LAKE WALES, Fla. — Designers can extend Moore's Law scaling beyond the 5-nanometer node by choosing two-dimensional anisotropic (faster with the grain) materials such as monolayers of black phosphorus, according to Imec (Leuven, Belgium). Researchers from the nonprofit semiconductor research institute described their findings at the annual Imec Technology Forum, held in San Francisco on the eve of Semicon West (July 11-13).
Architecture of Imec's sub-5nm 2-D channel field effect transistors (FETs) showing stacked gates and atomically thin layered structures.
Imec’s demonstration project focused on field-effect transistors for high-performance logic applications as part of its Core CMOS program. Using co-optimization at the material, device, and circuit levels, Imec and its collaborators proved the concept using 2-D monolayers of anisotropic black phosphorus with a smaller effective mass in the transport direction. The black phosphorus was sandwiched between interfacial layers of low-k dielectric, with stacked dual gates deployed atop high-k dielectrics to control the atomically thin channels.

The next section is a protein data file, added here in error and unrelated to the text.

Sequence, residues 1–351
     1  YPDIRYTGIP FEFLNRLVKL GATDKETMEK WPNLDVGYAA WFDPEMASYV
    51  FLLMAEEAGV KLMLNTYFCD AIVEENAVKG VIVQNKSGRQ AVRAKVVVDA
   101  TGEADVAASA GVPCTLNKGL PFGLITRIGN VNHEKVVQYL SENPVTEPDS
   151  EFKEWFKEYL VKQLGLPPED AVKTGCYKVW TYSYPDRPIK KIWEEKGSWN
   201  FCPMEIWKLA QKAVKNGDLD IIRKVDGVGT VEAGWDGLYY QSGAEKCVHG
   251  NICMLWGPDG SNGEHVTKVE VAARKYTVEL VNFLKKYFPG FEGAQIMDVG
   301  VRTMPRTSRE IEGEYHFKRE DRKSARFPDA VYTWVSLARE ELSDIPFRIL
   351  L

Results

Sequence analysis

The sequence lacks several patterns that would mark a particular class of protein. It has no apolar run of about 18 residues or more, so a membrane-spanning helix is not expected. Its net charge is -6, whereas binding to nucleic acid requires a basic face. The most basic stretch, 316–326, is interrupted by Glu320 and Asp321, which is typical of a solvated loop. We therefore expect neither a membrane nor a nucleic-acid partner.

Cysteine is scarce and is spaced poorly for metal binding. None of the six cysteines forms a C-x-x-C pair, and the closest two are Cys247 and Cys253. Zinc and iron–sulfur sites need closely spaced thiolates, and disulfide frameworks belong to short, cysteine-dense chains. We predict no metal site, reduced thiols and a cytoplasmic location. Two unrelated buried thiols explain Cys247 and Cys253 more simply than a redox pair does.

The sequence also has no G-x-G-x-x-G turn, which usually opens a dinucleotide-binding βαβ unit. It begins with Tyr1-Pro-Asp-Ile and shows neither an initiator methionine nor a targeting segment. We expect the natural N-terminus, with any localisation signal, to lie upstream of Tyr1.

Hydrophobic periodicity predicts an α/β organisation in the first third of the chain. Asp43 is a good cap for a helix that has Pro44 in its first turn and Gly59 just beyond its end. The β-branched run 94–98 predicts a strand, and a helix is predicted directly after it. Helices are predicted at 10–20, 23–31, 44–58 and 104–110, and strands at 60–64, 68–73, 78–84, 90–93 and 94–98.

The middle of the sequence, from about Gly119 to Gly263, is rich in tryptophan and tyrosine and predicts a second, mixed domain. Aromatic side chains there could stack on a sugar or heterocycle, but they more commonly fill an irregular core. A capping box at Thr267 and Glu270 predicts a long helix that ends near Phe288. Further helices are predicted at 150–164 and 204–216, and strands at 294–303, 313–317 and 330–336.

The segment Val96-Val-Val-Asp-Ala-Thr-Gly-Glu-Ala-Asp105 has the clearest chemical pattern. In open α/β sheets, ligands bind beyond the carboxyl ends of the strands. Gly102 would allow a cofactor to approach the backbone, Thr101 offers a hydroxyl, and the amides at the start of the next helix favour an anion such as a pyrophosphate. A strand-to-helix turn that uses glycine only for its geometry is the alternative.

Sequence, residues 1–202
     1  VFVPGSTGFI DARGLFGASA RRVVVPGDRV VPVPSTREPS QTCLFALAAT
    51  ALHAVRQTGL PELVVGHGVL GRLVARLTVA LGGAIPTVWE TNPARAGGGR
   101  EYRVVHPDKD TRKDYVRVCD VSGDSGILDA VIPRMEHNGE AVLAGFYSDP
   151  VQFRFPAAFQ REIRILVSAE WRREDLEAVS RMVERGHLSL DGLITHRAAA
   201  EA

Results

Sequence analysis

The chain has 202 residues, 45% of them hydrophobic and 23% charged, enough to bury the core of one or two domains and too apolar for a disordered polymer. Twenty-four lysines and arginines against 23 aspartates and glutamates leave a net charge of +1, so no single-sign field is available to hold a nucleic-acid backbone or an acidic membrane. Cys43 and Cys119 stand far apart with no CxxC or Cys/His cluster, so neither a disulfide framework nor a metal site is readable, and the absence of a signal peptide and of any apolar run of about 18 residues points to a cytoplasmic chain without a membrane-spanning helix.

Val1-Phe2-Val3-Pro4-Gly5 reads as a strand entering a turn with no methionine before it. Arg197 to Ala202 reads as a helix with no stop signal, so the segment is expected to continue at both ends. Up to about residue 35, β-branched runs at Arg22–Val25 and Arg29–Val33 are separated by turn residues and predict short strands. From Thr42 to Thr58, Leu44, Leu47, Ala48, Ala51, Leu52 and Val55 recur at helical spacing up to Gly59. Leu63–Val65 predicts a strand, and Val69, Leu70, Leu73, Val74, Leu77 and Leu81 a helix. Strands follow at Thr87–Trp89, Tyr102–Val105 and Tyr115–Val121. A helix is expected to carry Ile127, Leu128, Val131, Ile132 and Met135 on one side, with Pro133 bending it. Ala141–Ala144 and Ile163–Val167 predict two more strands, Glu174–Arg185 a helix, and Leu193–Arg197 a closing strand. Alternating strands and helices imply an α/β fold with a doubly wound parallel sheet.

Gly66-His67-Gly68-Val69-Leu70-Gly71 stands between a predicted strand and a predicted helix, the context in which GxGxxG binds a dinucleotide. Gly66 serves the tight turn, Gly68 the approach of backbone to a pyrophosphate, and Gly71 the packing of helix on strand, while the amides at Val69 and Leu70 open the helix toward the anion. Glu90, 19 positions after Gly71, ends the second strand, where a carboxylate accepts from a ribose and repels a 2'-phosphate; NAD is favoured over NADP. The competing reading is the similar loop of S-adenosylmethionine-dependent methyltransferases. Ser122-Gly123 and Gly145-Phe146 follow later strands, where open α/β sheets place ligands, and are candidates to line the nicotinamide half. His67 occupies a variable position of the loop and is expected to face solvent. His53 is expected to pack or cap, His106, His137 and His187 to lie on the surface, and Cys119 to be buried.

Imec demonstrated the co-optimization approach at the 10-nm node but says the architecture could function with sub-half volt (<0.5-V) power supplies and an effective oxide thickness of less than 50 angstroms (0.5 nm), allowing its FETs to extend Moore’s Law for high-performance logic applications below the 5-nanometer node.
The researchers predict the demonstrated architecture, materials, and co-optimization technique will yield reliable FETs with thicknesses all the way down to the single-atom level and gate lengths as short as 20 Å, advancing the nanowire FET as the successor to the FinFET. Imec is evaluating other materials besides black phosphor as prime candidates for extending nanowire FETs to atomic-level 2-D channels.
Beyond extending Moore’s Law scaling laws for FETs, the 2-D materials will enhance the development of photonics, optoelectronics, biosensing, energy storage, and photovoltaics, according to Imec.
The institute conducted the research in collaboration with scientists from Belgium’s Catholic University of Leuven (Belgium) and Italy’s Pisa University. Funding for the 10-nm demonstration came from the European Union’s Graphene Flagship research initiative along with Imec’s Core CMOS Program partners, which include GlobalFoundries, Huawei, Intel, Micron, Qualcomm, Samsung, SK Hynix, Sony Semiconductor Solutions, and TSMC.
For more details, see the free Nature scientific report “Material-Device-Circuit Co-optimization of 2D Material based FETs for Ultra-Scaled Technology Nodes,” in which Imec presents guidelines on choosing materials, designing the devices, and optimizing the performance of sub-10-nm high-performance logic chips. Imec explains that at gate lengths below 5 nm, the 2-D electrostatistics associated with gate stacking become more of a challenge than direct source-to-drain tunneling for 2-D-material-based FETs.
— R. Colin Johnson, Advanced Technology Editor, EE Times